A week in books

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The Independent Culture
The tattooed lines beside either ear of the guy doing the gig are rumoured to represent the cut marks made on a corpse when the brain is removed prior to embalming. Star turn, Richard (X2O) Beard is leaning on the bar, calmly smoking a fag and downing a pint. I am standing in a pool of green light being tutored in mike technique by the DJ, thinking of the story I've just been told about the novelist who was booed off because "he sounded as if he was reading from a book".

It's the launch of the first Brighton Festival Literary Fringe and, although writer-in-residence, I'm experiencing a decidedly unfringe-like nostalgia for the days when such events inevitably took place in bookshops or institutes of higher learning, light shows away from the E-mail inspired concept of the literary gig.

The spoken word circuit is the new review route, however, and the bookshop reading is beginning to lack appeal for the mainstream as well as the street. Two days into the Festival, Chatto cancels historian Stella Tillyard's appearance at Waterstones, due to the shop's inability to guarantee audience numbers. Meanwhile, there's a "world-class line-up" of writers at the Royal Festival Hall. Next week Will Self is playing Filthy McNasty's. A snazzy venue and showbiz-style promotional package are becoming all- important.

"We're lucky. Usually we can couple Tom's Raymond Chandler biog with showings of the films," remarks Tom Hiney's publicist, when he comes down to do a talk. "Otherwise, maybe we'd have to teach him to juggle."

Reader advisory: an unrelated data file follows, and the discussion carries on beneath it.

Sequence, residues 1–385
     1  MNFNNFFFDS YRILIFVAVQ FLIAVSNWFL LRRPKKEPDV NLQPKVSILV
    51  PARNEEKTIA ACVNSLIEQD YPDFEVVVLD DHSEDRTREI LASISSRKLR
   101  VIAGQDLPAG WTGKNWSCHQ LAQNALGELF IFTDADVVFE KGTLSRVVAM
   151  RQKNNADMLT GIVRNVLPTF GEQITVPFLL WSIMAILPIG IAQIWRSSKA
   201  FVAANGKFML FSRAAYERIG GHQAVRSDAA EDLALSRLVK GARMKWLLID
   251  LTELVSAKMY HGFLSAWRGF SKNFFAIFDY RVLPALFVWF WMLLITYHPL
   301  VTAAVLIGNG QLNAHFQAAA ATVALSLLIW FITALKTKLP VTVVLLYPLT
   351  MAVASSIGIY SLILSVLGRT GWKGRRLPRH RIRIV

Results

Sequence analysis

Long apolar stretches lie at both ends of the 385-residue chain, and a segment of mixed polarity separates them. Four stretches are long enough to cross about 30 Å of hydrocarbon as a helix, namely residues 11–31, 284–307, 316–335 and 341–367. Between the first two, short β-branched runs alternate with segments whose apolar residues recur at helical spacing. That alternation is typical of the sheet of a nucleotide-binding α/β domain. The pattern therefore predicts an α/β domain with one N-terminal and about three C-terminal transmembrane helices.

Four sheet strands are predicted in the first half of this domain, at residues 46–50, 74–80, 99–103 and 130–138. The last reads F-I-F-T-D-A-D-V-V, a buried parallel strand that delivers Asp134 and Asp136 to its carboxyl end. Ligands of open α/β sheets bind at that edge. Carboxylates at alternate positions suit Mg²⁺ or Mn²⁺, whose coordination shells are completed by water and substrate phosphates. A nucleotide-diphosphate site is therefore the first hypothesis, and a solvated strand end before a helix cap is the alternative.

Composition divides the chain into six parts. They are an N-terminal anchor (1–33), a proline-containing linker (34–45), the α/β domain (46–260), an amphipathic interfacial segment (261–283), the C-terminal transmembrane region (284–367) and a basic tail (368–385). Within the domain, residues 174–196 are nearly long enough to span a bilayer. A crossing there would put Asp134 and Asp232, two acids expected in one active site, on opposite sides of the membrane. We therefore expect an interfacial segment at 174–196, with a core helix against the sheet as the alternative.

For our Brighton Authors Night I've got to choose a piece of music that "goes with" my novels. Ideally, I'd be multi-media. Chemical generation writer, Q, who's performing at The Lift, refers to his book Deadmeat as a "remix". His publicity accoutrements include a website. Lit gig veteran, Fred, tells me that some writers employ props. Such as? "Well one uses a gin bottle." This, I find I can relate to.

Performance is what it's about though. If much of the vocabulary is borrowed from screen, stage and studio it's scarcely surprising, since the abilities required are those of the rock singer, actor or stand-up - delivery, voice modulation, timing - skills not traditionally associated with prose writers. Pithy, byte-size excerpts are called for. Tricky if you're dealing with plot and causal relationships. Easier if a video-clip approach is there from the start. So many pages written to equal so many minutes. Like the talking book, the gig circuit piece caters to the demands of a vast and burgeoning semi-literate market.

As it turns out, the audience is benign. Maybe they're all stoned. Perhaps the acid-tongued lit crits who terrorize the Brighton Festival venues are otherwise occupied. Or possibly, it occurs to me a few props later, I'm not too bad at this. Which could be crucial, with Literature metamorphosing into Word, and a new oral era giving every sign of dawning.

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